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Rust in Boiler Water

Dave_127
Dave_127 Member Posts: 18
I have a 1-pipe steam heating system in my 60-year-old house.  Ten years ago, we added a room to the house and the contractor added a hot-water baseboard heating loop off of the boiler to heat the room.  Things have been fine until now.



A month ago, I was replacing a steam vent valve on one of the steam convectors and broke the valve.  I had to hacksaw it off to replace it and I believe that the vibrations kicked a lot of rust loose from the inside of the steam pipe leading to the convector.



Now what I am experiencing is that the hot water loop recirculator pump and TACO check valves keep getting clogged with rust.

- The check valve at the end of the loop has stuck open a couple of times.  I cleaned it each time.

- The check valve at the beginning of the loop has stuck closed a couple of times.  I cleaned it and finally just set it to always be open, letting the other check valve do the work.

-  I've gotten air in the hot water loop, which I think is either from the pump cavitating when the feed clogs or the check valve just above the pump clogs, or steam is forming in the hot water loop pipes.



So now I am flushing rusty water from the low-water-cutoff valve and from the bottom of the boiler once or twice a day (morning and evening) and topping off the boiler water each time.



I am also wondering if rust is trapped in the bottom of the steam pipe loop in the steam return and keeps getting fed back into the boiler.  (I forget the name of that loop.  It is the one that goes above the boiler water level and down again right before the return line enters the boiler.)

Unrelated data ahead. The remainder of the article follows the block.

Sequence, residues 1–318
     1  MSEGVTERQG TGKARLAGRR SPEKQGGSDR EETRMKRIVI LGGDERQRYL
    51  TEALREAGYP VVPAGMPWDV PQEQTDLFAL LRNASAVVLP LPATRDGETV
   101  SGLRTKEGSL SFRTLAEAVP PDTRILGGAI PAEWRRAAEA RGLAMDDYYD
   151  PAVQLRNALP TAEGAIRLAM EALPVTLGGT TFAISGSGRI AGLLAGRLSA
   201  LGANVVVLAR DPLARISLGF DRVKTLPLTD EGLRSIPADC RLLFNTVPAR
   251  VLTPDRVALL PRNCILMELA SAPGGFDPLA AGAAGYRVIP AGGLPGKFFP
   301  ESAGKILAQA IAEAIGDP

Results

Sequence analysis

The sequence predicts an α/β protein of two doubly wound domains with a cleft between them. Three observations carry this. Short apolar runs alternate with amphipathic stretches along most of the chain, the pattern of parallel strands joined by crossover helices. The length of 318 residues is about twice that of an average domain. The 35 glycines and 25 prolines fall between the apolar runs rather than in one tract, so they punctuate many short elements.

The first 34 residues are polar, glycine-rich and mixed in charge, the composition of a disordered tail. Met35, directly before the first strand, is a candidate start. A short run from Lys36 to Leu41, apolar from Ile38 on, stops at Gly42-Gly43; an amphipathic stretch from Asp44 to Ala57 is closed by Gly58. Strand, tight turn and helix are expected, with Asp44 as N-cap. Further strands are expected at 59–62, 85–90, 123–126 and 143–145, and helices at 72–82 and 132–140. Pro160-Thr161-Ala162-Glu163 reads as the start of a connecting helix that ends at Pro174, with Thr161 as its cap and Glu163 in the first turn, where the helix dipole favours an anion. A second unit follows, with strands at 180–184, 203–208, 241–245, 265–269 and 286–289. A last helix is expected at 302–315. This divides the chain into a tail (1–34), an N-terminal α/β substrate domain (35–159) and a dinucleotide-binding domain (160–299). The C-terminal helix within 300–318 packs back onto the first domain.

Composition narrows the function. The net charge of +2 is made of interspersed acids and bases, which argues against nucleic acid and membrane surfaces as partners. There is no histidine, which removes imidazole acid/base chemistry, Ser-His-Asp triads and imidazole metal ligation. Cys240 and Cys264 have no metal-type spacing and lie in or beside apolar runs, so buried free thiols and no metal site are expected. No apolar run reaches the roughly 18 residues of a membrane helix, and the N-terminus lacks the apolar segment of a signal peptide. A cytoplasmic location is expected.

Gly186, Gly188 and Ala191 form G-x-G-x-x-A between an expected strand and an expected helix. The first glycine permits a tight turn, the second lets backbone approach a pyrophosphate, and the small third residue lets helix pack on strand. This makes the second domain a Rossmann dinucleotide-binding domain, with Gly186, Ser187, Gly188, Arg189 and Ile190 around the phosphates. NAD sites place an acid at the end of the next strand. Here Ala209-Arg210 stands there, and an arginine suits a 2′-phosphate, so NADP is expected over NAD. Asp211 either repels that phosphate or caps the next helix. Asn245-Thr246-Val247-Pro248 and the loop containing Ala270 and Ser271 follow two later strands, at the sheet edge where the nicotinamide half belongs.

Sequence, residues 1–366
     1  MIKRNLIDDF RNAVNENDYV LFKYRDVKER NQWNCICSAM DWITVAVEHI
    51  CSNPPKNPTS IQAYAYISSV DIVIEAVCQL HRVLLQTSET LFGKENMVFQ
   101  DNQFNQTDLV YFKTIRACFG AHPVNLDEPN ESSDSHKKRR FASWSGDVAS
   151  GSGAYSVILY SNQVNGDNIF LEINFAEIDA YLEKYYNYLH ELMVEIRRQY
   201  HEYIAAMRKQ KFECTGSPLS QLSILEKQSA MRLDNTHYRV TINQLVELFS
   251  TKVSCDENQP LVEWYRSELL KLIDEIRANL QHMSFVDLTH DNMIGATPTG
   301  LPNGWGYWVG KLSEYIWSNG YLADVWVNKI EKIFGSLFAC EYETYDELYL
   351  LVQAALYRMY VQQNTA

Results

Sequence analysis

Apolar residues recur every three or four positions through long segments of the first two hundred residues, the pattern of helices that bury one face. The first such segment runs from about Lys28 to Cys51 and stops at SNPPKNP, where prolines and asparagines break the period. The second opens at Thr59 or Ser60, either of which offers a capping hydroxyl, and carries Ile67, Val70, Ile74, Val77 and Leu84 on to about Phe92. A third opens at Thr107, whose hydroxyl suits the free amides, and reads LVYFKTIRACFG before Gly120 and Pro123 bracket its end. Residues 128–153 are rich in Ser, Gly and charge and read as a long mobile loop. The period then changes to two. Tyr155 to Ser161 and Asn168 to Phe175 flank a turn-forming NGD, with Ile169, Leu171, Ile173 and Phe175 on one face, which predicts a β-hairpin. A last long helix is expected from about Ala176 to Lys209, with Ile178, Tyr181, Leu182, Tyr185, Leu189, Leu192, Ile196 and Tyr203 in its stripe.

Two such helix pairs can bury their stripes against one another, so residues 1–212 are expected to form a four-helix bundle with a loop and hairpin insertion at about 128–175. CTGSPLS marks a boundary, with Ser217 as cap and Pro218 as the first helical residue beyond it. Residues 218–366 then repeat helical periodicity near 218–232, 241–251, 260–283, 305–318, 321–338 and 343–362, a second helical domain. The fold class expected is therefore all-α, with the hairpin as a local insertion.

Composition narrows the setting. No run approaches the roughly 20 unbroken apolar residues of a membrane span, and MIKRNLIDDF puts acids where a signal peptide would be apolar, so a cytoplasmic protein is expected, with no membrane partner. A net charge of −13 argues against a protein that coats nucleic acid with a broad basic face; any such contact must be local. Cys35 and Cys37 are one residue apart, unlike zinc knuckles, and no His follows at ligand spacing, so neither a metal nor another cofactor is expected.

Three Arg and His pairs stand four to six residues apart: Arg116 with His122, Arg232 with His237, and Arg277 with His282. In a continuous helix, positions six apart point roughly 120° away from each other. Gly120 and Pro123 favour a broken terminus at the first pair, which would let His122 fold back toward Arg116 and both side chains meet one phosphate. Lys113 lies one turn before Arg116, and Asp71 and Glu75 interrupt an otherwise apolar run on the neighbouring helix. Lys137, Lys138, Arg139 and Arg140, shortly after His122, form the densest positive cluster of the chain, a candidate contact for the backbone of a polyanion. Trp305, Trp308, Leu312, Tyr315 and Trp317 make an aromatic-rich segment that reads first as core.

If I added boiler conditioner to the boiler water, would it help me take out the rust?



Anything else I should try to do?



Thanks,

Dave

Comments

  • nicholas bonham-carter
    nicholas bonham-carter Member Posts: 8,471
    cleaning the system

    there is no magic potion which will dissolve rust particles in the system without also dissolving the iron in the boiler. there are various chemicals which can reduce the rusting, but once the rust is there, you can only continue flushing it out.

    there are strainers which could filter out the rust particles, when placed in the right part of the loop. in addition, a magnet on the pipe in a place you can flush separately could keep the rust in one easy to clean spot.

    until you have one, keep on flushing!--nbc
  • Dave_127
    Dave_127 Member Posts: 18
    Helping Get the Rust Out

    I've been considering taking off the main air vent valve and pouring in water to help flush out the rust that is sure to be in the bottom of the return loop.  (I think that one reason I am able to flush rust out every day is that it is slowly making its way from the bottom of that loop into the main part of the boiler.)



    Any thoughts on whether this would help and if it would be a good or a bad idea?



    Thanks!

    Dave
  • Chris M_2
    Chris M_2 Member Posts: 67
    Rust in Boiler Water

    Pouring water in is an OK idea.  Attaching a hose bib to the threads where you removed the main vent and sending a blast of clean water through the main, while simultaneously drain the boiler is a better one. 
  • Dave_127
    Dave_127 Member Posts: 18
    Hose Bib